Mothers, fathers, grown children caring for aging parents, and others too often face stigma and bias in the workplace because of their dual roles as employees and caregivers. While no federal law explicitly protects these family members from job discrimination based on their responsibilities at home, a growing patchwork of protections exists under federal, state, and local laws relating to discrimination and leave. Many workers have sought redress under these laws, framing their cases as impermissible sex-role stereotyping, retaliation for taking protected leave, or other forms of unfair treatment.
On Tuesday, the Center for WorkLife Law released Caregivers in the Workplace, reviewing trends in this area of litigation over the past decade. The dramatic increase in cases over that time shows how bias against family caregivers continues to plague many workplaces. It also argues for additional measures to combat this form of unfair treatment and prevent it from happening in the first place.
Legal clarity and education are important tools in this effort. That is why A Better Balance advocated to include family status and caregiver status, respectively, as protected categories under the New York State and New York City Human Rights Laws, and why we are working to educate the public about these newly enacted measures. As more employers become aware of the law, and train their managers and supervisors, we hope to see more acceptance of, and fewer barriers to, family caregivers participating and advancing in the workforce. Similarly, new laws in states and localities providing more explicit legal protections for pregnant workers will result in fewer lawsuits, because clarity leads to informal resolutions and preventing problems before they arise.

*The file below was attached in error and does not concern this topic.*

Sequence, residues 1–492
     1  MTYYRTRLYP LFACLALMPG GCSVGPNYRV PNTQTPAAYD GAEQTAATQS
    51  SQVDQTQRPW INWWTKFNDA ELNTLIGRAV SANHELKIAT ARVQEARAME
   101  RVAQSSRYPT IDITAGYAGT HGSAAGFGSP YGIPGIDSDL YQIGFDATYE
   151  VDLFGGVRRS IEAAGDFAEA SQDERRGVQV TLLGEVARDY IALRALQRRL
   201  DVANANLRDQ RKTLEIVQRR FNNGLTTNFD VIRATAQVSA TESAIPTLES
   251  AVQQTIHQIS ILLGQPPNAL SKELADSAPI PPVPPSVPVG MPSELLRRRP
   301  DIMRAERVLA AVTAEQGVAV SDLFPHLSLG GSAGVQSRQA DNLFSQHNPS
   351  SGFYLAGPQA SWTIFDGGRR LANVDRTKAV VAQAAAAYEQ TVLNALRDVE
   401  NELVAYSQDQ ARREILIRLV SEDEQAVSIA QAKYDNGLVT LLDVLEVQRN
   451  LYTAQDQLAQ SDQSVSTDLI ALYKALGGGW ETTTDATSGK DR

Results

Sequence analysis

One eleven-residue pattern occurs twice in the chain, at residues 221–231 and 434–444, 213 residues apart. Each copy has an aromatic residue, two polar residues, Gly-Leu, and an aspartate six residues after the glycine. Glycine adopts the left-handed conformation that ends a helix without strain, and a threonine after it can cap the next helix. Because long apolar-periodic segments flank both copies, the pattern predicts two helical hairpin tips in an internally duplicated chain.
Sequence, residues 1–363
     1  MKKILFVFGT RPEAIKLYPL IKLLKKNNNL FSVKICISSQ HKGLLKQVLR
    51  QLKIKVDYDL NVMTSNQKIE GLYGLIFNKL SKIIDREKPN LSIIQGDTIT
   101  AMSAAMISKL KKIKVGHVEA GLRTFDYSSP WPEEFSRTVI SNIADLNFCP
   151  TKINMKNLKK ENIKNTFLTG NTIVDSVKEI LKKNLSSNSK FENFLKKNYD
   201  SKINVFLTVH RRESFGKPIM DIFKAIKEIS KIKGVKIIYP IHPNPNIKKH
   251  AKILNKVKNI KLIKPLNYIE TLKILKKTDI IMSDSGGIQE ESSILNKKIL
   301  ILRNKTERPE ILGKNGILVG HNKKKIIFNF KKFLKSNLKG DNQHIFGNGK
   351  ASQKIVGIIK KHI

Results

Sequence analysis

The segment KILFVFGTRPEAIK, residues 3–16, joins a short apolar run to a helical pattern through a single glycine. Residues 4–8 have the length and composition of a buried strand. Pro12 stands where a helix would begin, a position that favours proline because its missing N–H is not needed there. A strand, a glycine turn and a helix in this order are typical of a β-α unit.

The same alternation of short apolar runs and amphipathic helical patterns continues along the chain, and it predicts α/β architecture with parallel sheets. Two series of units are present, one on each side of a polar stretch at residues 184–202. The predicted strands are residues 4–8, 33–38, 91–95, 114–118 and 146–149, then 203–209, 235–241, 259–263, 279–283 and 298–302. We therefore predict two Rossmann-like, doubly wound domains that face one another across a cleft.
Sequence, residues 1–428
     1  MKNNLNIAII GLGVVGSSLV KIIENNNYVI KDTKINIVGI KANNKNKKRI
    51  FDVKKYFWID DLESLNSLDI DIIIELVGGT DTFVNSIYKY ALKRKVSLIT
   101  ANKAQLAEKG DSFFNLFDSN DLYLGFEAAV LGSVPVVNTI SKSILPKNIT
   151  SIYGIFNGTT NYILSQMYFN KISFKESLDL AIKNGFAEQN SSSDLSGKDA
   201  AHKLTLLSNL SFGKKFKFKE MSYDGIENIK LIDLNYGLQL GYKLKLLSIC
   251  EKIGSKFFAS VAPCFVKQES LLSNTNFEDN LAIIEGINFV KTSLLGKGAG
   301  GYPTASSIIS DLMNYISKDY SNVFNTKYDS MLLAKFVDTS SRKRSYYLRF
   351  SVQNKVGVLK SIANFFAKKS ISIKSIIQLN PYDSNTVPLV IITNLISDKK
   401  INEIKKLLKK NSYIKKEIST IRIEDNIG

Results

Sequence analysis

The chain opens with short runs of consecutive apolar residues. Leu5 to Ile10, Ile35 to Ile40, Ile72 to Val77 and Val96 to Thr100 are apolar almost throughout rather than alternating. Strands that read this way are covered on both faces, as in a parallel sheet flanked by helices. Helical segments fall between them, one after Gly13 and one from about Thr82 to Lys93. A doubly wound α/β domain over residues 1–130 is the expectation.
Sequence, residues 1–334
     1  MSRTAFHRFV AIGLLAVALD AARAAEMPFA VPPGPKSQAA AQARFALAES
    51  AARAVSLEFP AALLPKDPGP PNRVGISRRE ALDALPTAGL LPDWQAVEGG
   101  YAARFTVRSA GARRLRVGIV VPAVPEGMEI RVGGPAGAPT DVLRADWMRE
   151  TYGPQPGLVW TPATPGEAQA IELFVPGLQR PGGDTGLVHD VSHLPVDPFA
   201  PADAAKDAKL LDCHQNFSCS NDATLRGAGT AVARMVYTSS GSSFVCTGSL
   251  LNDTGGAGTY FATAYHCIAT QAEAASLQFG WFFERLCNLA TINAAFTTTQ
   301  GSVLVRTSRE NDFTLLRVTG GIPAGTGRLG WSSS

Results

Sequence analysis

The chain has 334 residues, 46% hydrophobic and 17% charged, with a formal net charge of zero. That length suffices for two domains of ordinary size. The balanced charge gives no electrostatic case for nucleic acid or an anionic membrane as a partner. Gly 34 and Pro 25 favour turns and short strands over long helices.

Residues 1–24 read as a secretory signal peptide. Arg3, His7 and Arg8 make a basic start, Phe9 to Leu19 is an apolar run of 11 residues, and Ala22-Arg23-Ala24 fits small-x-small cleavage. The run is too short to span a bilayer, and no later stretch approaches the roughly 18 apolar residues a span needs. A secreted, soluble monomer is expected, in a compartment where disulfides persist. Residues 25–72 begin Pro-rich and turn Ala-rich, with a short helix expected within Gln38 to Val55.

In addition to New York State and New York City, dozens of other localities have enacted provisions to ban discrimination in employment based on family status or responsibilities. A Better Balance also highlights, on page 20 of the Caregivers in the Workplace report, introduced legislation in Massachusetts, Pennsylvania, Michigan, and North Carolina designed to address the challenge of bias against family caregivers on the job.
As the number of workers with caregiving responsibilities has increased, so has the need for workers to have a way to ensure job security while taking care of family members. Click here to learn more about this issue, and here to see what laws are in effect around the country.